Proof of pain leads to calls for ban on ritual slaughter

| 19/10/2009 | Reply

A study proving Jewish and Islamic methods of slaughtering animals are painful has led to renewed calls for a ban in Britain

FIRST POSTED OCTOBER 16, 2009

Scientists
are used to being attacked by anti-vivisectionists for causing
unnecessary suffering to animals in the course of research. But a new
study into the pain felt by dying animals has animal rights groups on
side – and has led to renewed calls for Islamic and Jewish slaughter
rituals to be brought into line with secular practices.

UK law requires that all livestock be stunned prior to slaughter –
with the exception of those animals intended for consumption by members
of certain religions. Islamic halal and Jewish kashrut law require that
animals are slaughtered by having their throat cut – a relatively slow
means of death. The Sikh ritual – chatka – is much quicker when done
correctly, involving a clean sword strike to the neck.

Practitioners of ritual slaughter say the animal must be alive to
facilitate the draining of blood – and that throat slitting is humane.

But the new research suggests otherwise. Dr Craig Johnson and his
colleagues at New Zealand’s Massey University reproduced the Jewish and
Islamic methods of slaughter in calves. The calves were first
anaesthetised so although their pain responses could be detected, they
wouldn’t actually feel anything. They were then subjected to a neck
incision. A pain response was detected for up to two minutes following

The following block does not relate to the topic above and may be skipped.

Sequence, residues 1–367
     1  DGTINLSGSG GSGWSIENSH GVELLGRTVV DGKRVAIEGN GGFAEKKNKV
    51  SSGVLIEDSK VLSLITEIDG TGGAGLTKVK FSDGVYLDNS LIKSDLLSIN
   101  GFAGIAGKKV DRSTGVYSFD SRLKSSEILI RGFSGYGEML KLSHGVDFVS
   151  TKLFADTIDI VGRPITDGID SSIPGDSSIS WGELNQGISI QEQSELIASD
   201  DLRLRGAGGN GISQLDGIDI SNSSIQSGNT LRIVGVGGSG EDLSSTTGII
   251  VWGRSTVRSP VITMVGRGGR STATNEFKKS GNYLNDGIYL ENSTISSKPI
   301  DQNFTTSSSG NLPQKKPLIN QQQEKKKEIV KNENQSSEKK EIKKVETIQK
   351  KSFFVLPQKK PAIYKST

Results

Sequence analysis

the cut, although calves normally fall unconscious after 10 to 30
seconds.

The team then stunned the calves five seconds after cutting their
throats: the pain signal detected by electroencephalography ceased
immediately.

Johnson told the New Scientist he thought this work was
“the best evidence yet that [ritual slaughter] is painful”. However, he
observed that the religious community “is adamant animals don’t
experience any pain so the results might surprise them”.

The findings have earned Johnson the inaugural Humane Slaughter
Award from the Humane Slaughter Association. Dr James Kirkwood, the
charity’s chief executive, said: “This work provides significant
support for the value of stunning animals prior to slaughter to prevent
pain and distress.”

Adam Rutherford, an editor of Nature, wrote on the Guardian
website: “It suggests that the anachronism of slaughter without
stunning has no place in the modern world and should be outlawed. This
special indulgence to religious practices should be replaced with the
evidence-based approaches to which the rest of us are subject.”

Some European countries, such as Sweden, require all animals to be
stunned before slaughter with no exception for religions. But such a
ban in Britain would be hugely controversial – and would draw
inevitable comparisons with the ban on kashrut enacted by Nazi Germany
in 1933.

Johnson thinks the way forward is best exemplified by Muslims in
New Zealand, who use a reversible form of electrical stunning that
animals can recover from if they are not immediately slaughtered. This
proves the animal is alive when killed and is therefore halal.

Category: Europe, Meat & Poultry

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